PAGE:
We decided that day, just in time to celebrate it, that a person’s silver birthday is the one where their age equals the hour of their birth (in military time, if past noon). A.J. enjoyed his, pretending the huge fireworks show was in his honor. Best moment: his gobstopped reaction to the volley synchronized with “the rocket’s red glare.” He’s been memorizing the additional verse to the anthem. And enjoying his flying birthday gifts almost as much as Dy; Arey was kind enough to fish a couple of the toys off the roof when my back kept me grounded.

I should post the poor verses Arey and I crafted as clues for A.J.’s party treasure hunt with a military theme. We won’t get any further use from them past the kids’ few minutes enjoyment, and as they refer to spots in our yard.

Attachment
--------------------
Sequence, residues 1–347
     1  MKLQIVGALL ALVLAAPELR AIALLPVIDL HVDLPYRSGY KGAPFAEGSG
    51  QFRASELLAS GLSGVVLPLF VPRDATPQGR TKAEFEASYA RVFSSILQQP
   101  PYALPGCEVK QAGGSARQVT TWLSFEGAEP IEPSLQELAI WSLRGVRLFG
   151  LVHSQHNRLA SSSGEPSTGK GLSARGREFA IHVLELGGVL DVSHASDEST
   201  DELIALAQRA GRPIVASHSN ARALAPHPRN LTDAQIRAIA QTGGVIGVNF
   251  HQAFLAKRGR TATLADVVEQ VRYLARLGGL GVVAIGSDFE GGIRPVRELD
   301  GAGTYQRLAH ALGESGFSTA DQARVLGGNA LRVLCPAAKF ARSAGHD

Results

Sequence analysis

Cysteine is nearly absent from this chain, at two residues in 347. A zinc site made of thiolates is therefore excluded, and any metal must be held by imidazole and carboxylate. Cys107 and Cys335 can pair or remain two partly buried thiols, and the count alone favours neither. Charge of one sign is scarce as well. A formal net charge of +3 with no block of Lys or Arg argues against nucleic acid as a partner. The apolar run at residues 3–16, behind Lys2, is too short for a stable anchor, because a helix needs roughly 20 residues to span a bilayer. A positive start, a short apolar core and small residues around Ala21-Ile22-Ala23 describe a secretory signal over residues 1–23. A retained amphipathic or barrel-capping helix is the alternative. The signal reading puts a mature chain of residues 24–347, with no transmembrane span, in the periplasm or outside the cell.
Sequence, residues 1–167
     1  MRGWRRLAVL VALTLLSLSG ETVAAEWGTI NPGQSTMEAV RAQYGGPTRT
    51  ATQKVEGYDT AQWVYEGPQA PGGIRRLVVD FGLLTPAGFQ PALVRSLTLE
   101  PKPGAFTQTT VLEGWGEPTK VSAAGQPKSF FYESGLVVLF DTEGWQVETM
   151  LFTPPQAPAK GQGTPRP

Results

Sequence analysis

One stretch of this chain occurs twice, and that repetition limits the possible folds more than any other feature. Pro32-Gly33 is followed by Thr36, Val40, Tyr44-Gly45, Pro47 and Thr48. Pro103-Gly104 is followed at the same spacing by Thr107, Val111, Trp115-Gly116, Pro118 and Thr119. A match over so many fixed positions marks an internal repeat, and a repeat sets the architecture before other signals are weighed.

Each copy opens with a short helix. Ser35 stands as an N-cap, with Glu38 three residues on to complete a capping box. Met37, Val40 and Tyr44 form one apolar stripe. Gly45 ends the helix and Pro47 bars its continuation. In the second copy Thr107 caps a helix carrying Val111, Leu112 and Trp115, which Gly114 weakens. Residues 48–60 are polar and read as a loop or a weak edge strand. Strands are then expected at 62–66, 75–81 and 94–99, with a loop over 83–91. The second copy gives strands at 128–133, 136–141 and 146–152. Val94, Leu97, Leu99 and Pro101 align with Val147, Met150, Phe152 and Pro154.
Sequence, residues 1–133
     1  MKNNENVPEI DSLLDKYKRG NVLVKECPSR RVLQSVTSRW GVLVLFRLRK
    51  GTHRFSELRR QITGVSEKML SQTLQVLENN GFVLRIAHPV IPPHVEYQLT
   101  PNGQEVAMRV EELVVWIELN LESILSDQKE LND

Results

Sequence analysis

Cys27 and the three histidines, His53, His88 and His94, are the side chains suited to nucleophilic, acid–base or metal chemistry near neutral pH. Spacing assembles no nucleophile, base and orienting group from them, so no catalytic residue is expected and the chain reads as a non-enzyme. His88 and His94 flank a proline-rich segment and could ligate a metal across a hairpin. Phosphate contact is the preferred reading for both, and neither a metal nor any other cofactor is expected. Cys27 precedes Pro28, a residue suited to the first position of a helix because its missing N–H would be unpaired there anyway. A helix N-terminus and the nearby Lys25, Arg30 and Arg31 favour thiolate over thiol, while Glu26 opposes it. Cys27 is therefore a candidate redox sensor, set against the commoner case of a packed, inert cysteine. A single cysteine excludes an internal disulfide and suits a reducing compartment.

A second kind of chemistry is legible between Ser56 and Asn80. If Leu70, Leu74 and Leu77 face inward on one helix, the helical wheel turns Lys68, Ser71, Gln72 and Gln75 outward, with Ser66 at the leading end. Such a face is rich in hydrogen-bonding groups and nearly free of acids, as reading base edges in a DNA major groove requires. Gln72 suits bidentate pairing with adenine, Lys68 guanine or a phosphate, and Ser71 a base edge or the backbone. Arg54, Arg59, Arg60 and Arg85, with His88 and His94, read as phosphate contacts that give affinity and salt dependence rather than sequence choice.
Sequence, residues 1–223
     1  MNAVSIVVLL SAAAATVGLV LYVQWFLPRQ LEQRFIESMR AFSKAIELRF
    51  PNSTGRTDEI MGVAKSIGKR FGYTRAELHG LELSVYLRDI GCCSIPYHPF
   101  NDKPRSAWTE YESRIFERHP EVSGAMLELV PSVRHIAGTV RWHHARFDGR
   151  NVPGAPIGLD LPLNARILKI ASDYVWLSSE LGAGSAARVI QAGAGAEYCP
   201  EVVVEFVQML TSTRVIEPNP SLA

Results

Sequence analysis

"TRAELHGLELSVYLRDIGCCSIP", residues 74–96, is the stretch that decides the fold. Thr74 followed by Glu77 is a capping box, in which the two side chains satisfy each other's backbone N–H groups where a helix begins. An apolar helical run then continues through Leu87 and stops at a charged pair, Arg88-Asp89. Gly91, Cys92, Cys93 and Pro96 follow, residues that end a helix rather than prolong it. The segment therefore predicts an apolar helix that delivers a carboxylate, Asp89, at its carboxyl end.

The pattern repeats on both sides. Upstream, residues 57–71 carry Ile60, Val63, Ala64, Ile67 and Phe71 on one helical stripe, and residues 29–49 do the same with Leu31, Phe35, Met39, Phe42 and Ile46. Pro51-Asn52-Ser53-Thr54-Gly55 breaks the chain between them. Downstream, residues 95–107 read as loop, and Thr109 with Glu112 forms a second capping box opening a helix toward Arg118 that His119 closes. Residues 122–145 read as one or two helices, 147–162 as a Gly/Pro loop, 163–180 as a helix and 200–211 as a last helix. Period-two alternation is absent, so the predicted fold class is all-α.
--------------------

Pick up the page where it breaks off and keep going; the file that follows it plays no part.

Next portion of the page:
Heard recently in the household, when Tee was asked how many pancakes she’d eaten: “I only had one!…Okay, maybe four…”. Talk about instant repentance.

Travel plans for the summer are starting to fall into place, including a couple of solo trips – me to my Mom in FL and Dy to visit a friend in Texas. That’s after we envelope a week at Cedar with play, exploration and visits.

It was a relief to read of Alan Johnston’s release in Gaza, even if the context of Hamas’ struggle for control of the area and its clans gives it a bitter edge. Like him in his captivity, Dy just discovered the local BBC broadcast.

And at least one teenage member of the family has already gotten tired of grilling out – just when my skills are improving. – j

Urbana transplants